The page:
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Programming is about divide and conquer: Divide the problem at hand into small manageable units and thereby conquer the complexity.

The Electronics industry has made remarkable progress following this philosophy: They have created reusable modules (ICs - Integrated Circuits) with standardized interfaces. These modules may again be hooked up to create complex systems. There is a standardized way to solve common problems.

The Software industry has not made the same progress. Definitions for software components exist, but the data types exported through component Interfaces are not standardized. Most programming languages allow arbitrary complex data types in the Interface definitions, making reuse of the components difficult. In contrast the interface to most Integrated Circuits is defined through standardized current and voltage levels.

Objective Technology uses standardized simple data types for component interfaces such as strings, numbers and arrays, while the component may use  arbitrary complex data types internally. This approach maximizes reuse and at the same time cashes in on the benefits of complex data structures while writing the component.

Modern Software tools provides the end user with a wealth of ways to solve any problem:  This freedom is a two edged sword: It provides a path to improving once programming skills, but it also means that a problem may never be solved in the same way twice! This undermines the efficiency in the long run, since fellow programmers are not recognizing each others code. This again makes individual programmers indispensable which is a dangerous concept for any organization.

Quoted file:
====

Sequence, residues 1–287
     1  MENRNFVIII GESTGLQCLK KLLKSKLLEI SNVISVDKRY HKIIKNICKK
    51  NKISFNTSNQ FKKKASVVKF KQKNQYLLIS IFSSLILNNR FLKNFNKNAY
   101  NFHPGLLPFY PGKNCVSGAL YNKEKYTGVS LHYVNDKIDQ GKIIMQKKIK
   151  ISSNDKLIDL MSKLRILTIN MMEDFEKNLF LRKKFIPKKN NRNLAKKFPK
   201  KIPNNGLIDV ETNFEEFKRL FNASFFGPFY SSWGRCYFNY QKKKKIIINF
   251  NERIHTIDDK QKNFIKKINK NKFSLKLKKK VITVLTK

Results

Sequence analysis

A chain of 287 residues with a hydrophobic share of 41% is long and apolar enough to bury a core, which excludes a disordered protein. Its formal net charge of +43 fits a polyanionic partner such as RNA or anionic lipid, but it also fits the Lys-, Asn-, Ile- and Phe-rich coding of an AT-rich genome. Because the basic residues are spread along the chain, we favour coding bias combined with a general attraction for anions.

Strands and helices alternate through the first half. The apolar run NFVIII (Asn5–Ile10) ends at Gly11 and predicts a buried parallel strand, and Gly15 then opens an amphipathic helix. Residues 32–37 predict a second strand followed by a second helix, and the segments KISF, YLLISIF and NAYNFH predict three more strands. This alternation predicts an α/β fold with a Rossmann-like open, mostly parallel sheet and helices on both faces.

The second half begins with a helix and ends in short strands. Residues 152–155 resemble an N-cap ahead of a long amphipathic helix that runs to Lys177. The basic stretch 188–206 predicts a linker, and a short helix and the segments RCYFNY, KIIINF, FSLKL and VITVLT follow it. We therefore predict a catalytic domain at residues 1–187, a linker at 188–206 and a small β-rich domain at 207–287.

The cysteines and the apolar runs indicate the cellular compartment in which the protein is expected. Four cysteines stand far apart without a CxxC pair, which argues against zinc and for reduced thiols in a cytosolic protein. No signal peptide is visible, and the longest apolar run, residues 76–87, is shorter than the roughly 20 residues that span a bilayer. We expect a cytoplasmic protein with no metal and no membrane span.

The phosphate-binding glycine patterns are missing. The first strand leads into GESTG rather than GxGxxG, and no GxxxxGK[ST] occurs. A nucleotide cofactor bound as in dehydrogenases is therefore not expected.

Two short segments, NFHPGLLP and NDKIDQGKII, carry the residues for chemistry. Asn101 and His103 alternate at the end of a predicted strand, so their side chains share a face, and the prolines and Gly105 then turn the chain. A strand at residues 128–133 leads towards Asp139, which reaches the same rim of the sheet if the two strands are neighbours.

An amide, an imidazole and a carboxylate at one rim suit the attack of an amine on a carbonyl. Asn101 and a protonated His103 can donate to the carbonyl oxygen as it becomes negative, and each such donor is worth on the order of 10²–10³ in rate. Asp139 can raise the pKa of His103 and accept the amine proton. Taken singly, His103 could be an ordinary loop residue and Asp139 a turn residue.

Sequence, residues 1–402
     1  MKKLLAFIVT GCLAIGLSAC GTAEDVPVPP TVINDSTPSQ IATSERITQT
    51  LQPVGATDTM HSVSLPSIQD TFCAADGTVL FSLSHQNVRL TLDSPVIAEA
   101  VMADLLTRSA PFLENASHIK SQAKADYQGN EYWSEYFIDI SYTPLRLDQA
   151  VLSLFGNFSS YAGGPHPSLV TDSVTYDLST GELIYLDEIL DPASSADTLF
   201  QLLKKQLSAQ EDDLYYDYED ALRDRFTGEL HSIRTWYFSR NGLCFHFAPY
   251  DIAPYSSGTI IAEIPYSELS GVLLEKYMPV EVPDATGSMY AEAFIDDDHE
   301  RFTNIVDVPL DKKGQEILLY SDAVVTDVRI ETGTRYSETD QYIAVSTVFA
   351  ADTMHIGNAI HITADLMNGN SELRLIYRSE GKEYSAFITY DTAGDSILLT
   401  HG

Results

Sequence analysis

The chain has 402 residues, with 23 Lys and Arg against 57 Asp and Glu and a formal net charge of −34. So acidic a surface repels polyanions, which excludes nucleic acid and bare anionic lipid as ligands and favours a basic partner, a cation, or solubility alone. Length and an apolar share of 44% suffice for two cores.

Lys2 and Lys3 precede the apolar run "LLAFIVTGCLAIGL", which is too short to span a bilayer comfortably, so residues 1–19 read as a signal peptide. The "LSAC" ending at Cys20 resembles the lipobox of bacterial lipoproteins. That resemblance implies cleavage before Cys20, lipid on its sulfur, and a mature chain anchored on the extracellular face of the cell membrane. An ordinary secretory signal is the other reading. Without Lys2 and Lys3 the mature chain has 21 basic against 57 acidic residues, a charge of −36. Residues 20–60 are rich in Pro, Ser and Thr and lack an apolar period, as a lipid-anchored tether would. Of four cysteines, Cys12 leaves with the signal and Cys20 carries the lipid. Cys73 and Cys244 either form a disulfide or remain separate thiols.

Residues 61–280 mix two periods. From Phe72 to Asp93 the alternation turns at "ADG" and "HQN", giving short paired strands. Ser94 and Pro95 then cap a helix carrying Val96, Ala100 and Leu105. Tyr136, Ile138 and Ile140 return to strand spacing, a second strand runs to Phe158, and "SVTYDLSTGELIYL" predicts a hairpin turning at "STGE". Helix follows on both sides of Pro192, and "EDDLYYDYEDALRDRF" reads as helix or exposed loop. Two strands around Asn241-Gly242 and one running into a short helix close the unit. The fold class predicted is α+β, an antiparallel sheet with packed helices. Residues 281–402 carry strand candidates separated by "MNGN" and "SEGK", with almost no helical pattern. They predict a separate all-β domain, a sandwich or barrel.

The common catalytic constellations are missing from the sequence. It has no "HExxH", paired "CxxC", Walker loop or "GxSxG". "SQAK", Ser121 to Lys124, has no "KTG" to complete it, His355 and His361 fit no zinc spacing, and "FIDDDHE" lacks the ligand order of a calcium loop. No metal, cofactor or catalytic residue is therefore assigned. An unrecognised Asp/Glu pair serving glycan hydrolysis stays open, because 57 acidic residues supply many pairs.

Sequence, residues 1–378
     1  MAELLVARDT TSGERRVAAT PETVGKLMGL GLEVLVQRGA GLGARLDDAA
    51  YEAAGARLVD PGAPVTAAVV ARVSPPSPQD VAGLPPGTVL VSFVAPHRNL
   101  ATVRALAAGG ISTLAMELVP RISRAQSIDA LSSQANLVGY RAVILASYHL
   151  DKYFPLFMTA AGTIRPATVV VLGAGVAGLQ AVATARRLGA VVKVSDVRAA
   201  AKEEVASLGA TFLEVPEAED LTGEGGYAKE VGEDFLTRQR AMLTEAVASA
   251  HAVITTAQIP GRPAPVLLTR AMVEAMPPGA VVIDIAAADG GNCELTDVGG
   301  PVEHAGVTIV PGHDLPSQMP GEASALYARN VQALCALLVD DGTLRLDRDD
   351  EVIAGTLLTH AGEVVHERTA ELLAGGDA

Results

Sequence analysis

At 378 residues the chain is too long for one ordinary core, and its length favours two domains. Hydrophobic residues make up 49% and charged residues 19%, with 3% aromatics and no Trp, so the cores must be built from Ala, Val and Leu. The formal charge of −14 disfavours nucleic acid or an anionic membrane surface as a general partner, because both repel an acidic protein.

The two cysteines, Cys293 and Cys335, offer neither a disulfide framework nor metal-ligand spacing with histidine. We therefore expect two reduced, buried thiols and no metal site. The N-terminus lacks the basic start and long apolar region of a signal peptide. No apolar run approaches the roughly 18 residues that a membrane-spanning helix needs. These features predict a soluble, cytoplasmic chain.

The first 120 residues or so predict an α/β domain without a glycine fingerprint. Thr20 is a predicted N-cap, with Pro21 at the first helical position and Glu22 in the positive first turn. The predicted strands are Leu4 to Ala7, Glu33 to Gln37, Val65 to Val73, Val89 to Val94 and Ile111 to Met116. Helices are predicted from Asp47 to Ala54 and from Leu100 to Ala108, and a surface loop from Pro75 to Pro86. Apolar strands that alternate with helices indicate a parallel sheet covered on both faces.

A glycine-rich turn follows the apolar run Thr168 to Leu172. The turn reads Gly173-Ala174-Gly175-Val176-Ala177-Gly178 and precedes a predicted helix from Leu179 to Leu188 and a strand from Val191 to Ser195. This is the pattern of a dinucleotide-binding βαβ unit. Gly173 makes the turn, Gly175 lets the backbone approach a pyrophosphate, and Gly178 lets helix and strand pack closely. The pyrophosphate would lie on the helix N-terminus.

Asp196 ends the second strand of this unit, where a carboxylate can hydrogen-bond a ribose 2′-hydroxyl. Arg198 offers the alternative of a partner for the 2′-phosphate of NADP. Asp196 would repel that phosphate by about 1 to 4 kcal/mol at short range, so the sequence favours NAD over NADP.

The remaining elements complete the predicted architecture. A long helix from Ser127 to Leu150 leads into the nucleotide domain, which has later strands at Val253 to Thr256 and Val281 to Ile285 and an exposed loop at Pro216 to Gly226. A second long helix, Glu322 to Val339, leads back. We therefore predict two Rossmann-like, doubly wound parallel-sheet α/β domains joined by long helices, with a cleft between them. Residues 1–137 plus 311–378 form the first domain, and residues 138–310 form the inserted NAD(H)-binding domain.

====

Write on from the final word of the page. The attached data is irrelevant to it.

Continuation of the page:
A car mechanic would never be efficient at tracking down problems if he used different techniques / tools each time, yet this is taking place too often in the software industry..

Software Application Frameworks that provides a well defined way to solve problems makes software development much more efficient. We at Objective Technology have developed and used such Frameworks for 15 years. Read more about it on our Frameworks page.

The figure above shows a State Diagram. State diagrams is one of many efficient ways of dividing a problem into manageable units. The pictures in the right margin shows examples of small, easy to understand modules within a State or a Transition in the State diagram